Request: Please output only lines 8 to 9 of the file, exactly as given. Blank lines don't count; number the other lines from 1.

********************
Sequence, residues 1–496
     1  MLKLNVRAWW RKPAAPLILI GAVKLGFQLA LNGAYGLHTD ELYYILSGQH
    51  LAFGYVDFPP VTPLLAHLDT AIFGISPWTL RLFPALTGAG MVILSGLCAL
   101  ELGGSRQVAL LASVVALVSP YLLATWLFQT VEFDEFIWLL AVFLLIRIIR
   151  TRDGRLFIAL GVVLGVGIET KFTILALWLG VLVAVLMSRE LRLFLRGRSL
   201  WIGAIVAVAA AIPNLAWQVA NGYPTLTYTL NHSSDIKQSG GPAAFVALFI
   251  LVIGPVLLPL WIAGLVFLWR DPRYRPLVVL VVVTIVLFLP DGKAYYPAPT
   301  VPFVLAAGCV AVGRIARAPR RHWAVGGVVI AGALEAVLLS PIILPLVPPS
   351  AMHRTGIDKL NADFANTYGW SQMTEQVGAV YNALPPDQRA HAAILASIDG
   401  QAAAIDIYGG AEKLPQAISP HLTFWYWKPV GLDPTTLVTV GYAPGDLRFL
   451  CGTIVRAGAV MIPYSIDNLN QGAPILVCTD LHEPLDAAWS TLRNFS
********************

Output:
   301  VPFVLAAGCV AVGRIARAPR RHWAVGGVVI AGALEAVLLS PIILPLVPPS
   351  AMHRTGIDKL NADFANTYGW SQMTEQVGAV YNALPPDQRA HAAILASIDG